My day in the icy hallways of the Federal Building began more than a year earlier when we moved back to Cleveland and I enrolled at Cleveland State University, or as they insisted on calling it “THE Cleveland State University.”

There I was, the ultimate small town boy, dropped smack into a major metropolitan area and signed up to take classes at a university I had never seen and had not a clue on how to get there from where we were living.

I was told that the best way for me to get to the campus was to take the city bus into downtown Cleveland and transfer to a second bus that would take me up to the school. That was all well and good, but I had never been on a bus in my life, I had no idea what the fare was or where to get off let alone where to catch the second bus. My first day was a real sweatfest.

Through sheer luck and some very nice and helpful strangers I was able to find the school. Once there I actually found my way around. This was the first year for THE Cleveland State University. The state of Ohio had purchased a small private college and slapped on a few new signs. The entire school had only three buildings. Even I could figure out where things had to be. I followed the crowd a lot and even found my way home at the end of the day. I felt rather sophisticated, even though people said I had an accent and wanted to know where I was from. When I told them I hailed from “Beaver Falls” they answered with, “What’s that?” I never knew I had an accent. I just thought that they were the ones with the accent.

As the year progressed I learned to relax and not sweat so much. I got myself involved at the college radio station. No, not true – I got myself obsessed at the college radio station. I was fascinated with it all and they seemed to like me. I liked it so much that I began to skip classes to work at the station more and more. It got to the point that I was becoming a rumor in my assigned classes.

At the end of my third trimester at THE Cleveland State University my grades came in. It wasn’t so much that I was failing everything as it was that I was almost universally “Incomplete” as far as the school was concerned. They sent me a nice letter that, while officially “incompleting” my stay there, actually was saying, “You’re not really here anyway, so let’s just quit pretending. So long and have a nice day, you jackass.” It was hard to argue with their logic. I assume that in the same outbox as that letter was another addressed to my local Draft Board back in Beaver Falls saying, “He’s all yours, if you can find him. We couldn’t.”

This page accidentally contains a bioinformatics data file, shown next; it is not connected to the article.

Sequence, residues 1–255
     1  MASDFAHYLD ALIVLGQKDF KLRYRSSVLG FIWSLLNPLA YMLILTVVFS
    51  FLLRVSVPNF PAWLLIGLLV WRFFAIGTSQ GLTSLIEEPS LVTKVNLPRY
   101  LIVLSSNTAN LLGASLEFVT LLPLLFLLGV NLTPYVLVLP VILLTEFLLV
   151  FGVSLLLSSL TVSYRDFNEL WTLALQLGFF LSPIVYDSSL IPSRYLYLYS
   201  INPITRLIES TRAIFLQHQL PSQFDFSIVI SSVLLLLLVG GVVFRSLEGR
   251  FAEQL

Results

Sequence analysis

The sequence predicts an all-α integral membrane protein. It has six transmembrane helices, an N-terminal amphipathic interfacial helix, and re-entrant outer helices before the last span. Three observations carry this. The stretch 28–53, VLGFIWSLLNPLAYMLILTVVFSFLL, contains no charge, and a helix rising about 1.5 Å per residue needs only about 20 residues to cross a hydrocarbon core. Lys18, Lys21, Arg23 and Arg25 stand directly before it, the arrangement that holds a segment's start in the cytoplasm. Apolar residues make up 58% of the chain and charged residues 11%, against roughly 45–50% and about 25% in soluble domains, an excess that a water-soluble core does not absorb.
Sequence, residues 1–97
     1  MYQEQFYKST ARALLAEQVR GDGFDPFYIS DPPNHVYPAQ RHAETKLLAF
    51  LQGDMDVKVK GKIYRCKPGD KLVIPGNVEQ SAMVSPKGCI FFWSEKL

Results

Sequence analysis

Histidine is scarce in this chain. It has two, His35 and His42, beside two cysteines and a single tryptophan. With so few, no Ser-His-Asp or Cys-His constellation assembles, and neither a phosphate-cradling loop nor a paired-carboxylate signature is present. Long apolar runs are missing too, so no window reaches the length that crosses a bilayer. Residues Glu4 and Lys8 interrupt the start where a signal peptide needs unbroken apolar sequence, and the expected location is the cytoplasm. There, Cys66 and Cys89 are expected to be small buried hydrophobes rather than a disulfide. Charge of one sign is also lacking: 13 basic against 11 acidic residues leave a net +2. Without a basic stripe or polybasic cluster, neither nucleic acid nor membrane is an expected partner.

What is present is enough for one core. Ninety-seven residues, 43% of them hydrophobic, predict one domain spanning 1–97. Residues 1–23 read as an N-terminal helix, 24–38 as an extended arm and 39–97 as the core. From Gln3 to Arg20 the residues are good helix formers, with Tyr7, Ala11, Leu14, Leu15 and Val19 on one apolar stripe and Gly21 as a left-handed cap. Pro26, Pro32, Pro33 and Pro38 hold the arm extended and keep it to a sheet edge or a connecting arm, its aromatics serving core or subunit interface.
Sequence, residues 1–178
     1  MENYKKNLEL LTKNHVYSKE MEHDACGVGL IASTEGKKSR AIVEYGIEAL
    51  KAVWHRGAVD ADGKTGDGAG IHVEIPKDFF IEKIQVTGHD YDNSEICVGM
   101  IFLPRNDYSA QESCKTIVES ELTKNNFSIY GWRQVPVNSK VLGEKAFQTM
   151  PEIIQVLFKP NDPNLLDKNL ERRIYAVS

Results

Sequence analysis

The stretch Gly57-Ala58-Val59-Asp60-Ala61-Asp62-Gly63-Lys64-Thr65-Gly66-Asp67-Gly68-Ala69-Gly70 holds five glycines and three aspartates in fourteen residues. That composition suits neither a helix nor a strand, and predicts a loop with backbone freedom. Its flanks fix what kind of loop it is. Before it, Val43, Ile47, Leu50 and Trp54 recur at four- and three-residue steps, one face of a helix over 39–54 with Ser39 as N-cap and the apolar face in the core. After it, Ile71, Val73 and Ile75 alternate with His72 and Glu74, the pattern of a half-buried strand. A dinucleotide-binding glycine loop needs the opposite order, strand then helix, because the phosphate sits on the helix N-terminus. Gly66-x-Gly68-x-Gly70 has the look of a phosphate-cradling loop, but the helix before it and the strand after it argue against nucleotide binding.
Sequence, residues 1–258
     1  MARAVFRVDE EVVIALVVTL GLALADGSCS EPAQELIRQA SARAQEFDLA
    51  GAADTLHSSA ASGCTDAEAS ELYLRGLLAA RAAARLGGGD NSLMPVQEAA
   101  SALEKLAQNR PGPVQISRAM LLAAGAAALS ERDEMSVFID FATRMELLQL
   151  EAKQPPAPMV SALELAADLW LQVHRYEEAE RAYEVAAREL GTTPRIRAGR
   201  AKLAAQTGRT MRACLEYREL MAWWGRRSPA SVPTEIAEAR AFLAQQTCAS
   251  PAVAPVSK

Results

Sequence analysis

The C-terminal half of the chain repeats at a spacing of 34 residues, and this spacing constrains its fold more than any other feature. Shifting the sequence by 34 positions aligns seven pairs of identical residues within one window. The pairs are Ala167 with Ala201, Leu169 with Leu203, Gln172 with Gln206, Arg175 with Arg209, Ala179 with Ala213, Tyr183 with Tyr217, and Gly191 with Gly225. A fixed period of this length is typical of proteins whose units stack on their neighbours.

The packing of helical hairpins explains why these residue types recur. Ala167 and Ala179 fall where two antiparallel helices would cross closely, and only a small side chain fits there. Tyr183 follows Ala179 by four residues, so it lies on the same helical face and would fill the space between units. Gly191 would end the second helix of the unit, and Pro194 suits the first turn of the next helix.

During that time in American history it was the law that all males had to register with the Selective Service within a few days of their 18th birthday. This registration was to let the government know where you were in case of war and they wanted to drag your ass into the Army. The Draft Board, as it was called, kept track of every young male in the country, regardless of physical, mental, emotional, or peculiarity condition. They did a pretty good job of it too. At 18 you went to your local post office and filled out a card with your relevant information. It was a rite of passage that said you are no longer a child, you are now meat.

Based on a number of variables, each person was given a “draft status.”

If you were married, the sole support of your family or in prison you were placed in a status that pretty much guaranteed you would never be drafted into the military. I could never understand why being in prison was such a blanket exemption. I would think many of those guys would already have a skill set that could come in handy. Oh, well.

If you were a fulltime student in good standing in a real institution of higher learning you were given the status “2-S.” That was me for my year at Geneva College in Beaver Falls (lovingly called the High School on the Hill) and my time at THE Cleveland State University. That is, until I was sent a “Dear John” letter by the university.  I wasn’t worried because I just assumed that, given my physical quirks, I would be given the new draft status of “4-F.”

4-F meant that you were physically disabled and rejected for military service. Well, if there was anyone I knew who fit that description it was little ol’ me. Boy was I wrong.

After THE Cleveland State University and I parted ways I figured that I would get a job to earn a few bucks and pick up some classes at THE Cuyahoga County Community College to try to resurrect my GPA so I could try to get into another college without being met with gales of academic laughter. I got a job in the toy department of a large store in downtown Cleveland.  I still have bad dreams about that job. I’ll try to fill you in later